This research work combines reflections on the peculiarity of poetic practice from three fields: literature itself, philology, and translation. With the keyword of audacity, a common moment of the same is to be highlighted: poetic practice as a transgressive gesture whose expansive movement necessarily deprives itself of its basis; be it in semantic, rhetorical, or epistemological terms: theories of metaphorical word meaning are of interest as well as the question of ironic speech and the fundamental relationship between literature and knowledge.
The impossibility of bringing a (poetic) text into equivalence, either with a foreign language translation or in the form of an interpretation, marks the scientific unground of philological knowledge and translation practice, which is directly related to the suspension of the real or of an appropriate, clear use of words. The audacity of poetic practice carries over to philological and translational work, which in turn combines a poetic and self-suspending moment.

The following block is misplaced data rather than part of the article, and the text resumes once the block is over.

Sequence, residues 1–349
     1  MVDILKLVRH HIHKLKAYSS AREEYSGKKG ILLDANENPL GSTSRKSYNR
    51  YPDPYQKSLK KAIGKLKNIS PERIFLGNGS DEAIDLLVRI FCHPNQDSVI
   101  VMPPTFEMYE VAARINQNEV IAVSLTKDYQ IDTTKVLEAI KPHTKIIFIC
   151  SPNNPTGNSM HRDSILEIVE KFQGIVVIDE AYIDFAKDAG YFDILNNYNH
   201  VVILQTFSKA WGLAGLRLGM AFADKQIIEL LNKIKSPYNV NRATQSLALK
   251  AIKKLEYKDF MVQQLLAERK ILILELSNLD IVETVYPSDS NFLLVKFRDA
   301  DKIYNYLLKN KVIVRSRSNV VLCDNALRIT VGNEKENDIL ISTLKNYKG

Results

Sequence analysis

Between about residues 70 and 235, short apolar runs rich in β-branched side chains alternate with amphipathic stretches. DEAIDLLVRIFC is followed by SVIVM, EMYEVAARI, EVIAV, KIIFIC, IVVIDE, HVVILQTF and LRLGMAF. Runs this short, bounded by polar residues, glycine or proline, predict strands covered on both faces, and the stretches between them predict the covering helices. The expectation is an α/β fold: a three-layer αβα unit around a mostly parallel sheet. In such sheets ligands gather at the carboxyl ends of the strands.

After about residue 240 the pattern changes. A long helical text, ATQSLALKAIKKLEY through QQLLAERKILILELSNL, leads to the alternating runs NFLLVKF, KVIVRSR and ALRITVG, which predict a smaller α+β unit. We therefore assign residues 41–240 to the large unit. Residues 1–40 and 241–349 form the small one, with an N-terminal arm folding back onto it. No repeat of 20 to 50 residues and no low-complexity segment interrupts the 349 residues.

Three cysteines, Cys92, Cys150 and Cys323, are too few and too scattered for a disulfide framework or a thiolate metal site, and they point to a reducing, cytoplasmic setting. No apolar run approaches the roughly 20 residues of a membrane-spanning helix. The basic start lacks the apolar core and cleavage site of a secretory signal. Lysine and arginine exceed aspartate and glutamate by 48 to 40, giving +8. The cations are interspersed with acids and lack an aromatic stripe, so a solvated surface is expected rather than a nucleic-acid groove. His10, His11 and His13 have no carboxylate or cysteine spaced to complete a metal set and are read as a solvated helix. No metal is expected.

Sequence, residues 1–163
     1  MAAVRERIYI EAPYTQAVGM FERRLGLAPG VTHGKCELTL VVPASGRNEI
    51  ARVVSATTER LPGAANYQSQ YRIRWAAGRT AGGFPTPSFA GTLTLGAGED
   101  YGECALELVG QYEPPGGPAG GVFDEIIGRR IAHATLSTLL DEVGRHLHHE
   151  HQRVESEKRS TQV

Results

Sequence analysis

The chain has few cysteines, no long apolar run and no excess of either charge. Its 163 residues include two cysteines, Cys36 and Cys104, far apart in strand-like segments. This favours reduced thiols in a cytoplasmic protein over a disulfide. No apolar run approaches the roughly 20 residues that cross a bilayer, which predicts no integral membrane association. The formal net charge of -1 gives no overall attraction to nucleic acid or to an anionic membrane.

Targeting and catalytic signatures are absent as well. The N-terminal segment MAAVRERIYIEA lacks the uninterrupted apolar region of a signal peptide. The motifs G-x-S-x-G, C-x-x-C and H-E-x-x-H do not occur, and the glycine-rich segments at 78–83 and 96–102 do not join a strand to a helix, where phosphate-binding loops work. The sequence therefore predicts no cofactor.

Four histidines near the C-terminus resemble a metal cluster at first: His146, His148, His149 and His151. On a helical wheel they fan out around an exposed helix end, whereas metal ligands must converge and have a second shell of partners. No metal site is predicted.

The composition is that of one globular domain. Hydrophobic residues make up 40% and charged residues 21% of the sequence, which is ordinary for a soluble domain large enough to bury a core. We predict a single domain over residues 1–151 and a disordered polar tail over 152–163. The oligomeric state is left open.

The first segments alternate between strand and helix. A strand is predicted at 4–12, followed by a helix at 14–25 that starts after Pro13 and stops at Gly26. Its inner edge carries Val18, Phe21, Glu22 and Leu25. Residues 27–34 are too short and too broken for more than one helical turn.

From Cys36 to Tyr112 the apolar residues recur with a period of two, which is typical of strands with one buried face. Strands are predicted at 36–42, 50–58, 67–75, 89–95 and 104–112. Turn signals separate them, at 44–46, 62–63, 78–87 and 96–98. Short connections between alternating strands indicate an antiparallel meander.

Among the positions in literary studies and translation theory that will be of particular interest to the research project are Paul de Man, Peter Szondi, and Werner Hamacher, as well as Uljana Wolf. These are interesting not only from a theoretical point of view, but especially in their own affective stance, since audacity marks a close relationship between shame (looseness), rebellion, and composure. Authors and translators who make the audacity of poetic practice visible in various ways and will be examined more closely from a poetological point of view are Francis Ponge, Ilse Aichinger, Anne Carson, and Monika Rinck.
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